On paper the project seems ridiculously ambitious: The Muraka (meaning “coral” in Dhivehi, the Maldivian language), has cost US$15 million to build, but one look shows it’s been worth every penny. This will not just be a room, but a luxury complex, with a master bedroom built on the seabed, completely surrounded by glass so guests are at one with the water and its creatures. Above the waves, there are further bedrooms, a dining area, and an entertaining space.
The visionary behind the project is Ahmed Saleem, the Maldivian businessman, and architect who designed the world’s first undersea restaurant back in 2005. That spectacular space, Ithaa—which means “mother-of-pearl”—debuted at his company’s resort, the Hilton Maldives Resort & Spa (since been rebranded to the Conrad Maldives Rangali Island), to worldwide acclaim.
Now Saleem has a new dream and, on a blisteringly hot Sunday morning in February in a welding yard in Singapore, he’s standing in it—the frame of what will become The Muraka. “When we opened Ithaa, I immediately thought about this,” he says, “the last great thing before I retire. I knew I wanted to do a room. Dubai has underwater rooms but they’re just in a fish tank. This is in the sea.”
The Muraka is a symbol of the “nothing is impossible” attitude of Saleem’s company, Crown Resorts. “There’s amazing knowledge all over the world; it’s just a question of finding that knowledge,” he says. “I was the first architect in the Maldives and tourism was just starting after I graduated. I wanted to make the country aware of what architects can do.”
Saleem expects the residence to feel like an opulent home, set in its own private area of the 150-room property, connected to the resort by a 950-foot bridge. Equipped to the highest global standards, it will have a dedicated butler, “If you want lobster and champagne at three in the morning, we can do it,” says Saleem. Interiors by New York-based Japanese architect Yuji Yamazaki are inviting, with a soft deep-brown silk-blend carpet, deep-brown muted tones, and reflective surfaces to flood the space with light. News of the project will no doubt prompt others to copy him. “Everyone will try to do it,” he says, “but you need financial resources. One advantage we have: I am a trained professional. With outside consultants, it’s not as easy to make sound decisions.”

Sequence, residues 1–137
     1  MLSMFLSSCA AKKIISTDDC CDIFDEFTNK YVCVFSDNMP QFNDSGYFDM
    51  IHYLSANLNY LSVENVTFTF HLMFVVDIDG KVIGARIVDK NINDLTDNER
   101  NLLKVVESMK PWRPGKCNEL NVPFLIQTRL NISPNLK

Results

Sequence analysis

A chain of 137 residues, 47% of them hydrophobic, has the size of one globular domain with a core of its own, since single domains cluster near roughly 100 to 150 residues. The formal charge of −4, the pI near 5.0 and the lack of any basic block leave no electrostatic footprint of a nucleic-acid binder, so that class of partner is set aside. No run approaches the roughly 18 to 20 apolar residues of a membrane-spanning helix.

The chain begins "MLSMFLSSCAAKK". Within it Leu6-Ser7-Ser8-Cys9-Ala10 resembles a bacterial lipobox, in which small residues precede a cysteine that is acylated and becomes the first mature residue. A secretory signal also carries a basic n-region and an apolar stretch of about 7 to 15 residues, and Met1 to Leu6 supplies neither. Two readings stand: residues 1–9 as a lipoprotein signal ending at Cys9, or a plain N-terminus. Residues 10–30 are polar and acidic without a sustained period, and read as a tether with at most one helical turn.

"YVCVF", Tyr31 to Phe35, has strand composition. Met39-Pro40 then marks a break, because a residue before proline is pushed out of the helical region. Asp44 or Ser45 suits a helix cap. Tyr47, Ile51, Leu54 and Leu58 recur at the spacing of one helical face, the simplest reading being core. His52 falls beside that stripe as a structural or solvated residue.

Mike Murphy, the project engineer, has the same boyish enthusiasm as Saleem. He worked on factories, roads, and bridges before building his first aquarium, in the 1980s in his native New Zealand. The residence, his second project with Saleem after Ithaa, is “definitely more complicated. The sleeping quarters need fire-rated doors and walls, alarms and emergency lighting. Plumbing and drainage are big considerations. We will also have to cover the joints [between panels] with acrylic strips to stop marine worms burrowing in.”
The sinking of the residence in the Maldives in March went very smoothly, four hours of careful hoisting, lowering, positioning and securing. It now sits some distance from the rest of the resort, a beacon at the end of the private concrete-and-wood driveway. Stefano Ruzza, the Italian-Swiss general manager of the resort, says, “This will be like your own private island. There will be jet skis and a boat at the back—you can take them anywhere. You won’t ever have to step onto the main island. If you want to eat at a restaurant, you can take the boat over and dock right there and walk in.”
It’s an attractive sales pitch, the sense of a totally private getaway in what is already an idyllic property. Conrad Maldives Rangali Island splits its facilities between two islands—one shaped like an egg, and home to water and beach villas, a water-sports center, a spa, children’s club, and the majority of the resort’s 12 bars and restaurants. The other slender like an extended finger and popular with couples for its overwater villas and spa—connected by a 1,600-foot bridge. The property is large enough that there are jogging routes detailed on a map outside the gym.
Beyond the bedroom in the lounge area, one giant section of curved glass, 180-degrees round, looks straight out into the water, a hypnotizing window out into the sea. One side of the underwater room opens onto a reef, some of which will be rehabilitated in the resort’s lagoon when the construction is completed, teeming with fish; the other side peers into the open sea, where sharks, turtles and manta rays will glide by. “This is my favorite part,” Ruzza says as he slides open a pocket door to the bathroom. The toilet, vanity counter and shower all have clear views straight out onto the reef. “I’d never want to leave the shower. It’s amazing,” he says. It certainly is—truly a dream come true.
Discover all there is to do above and below the water at ConradMaldives.com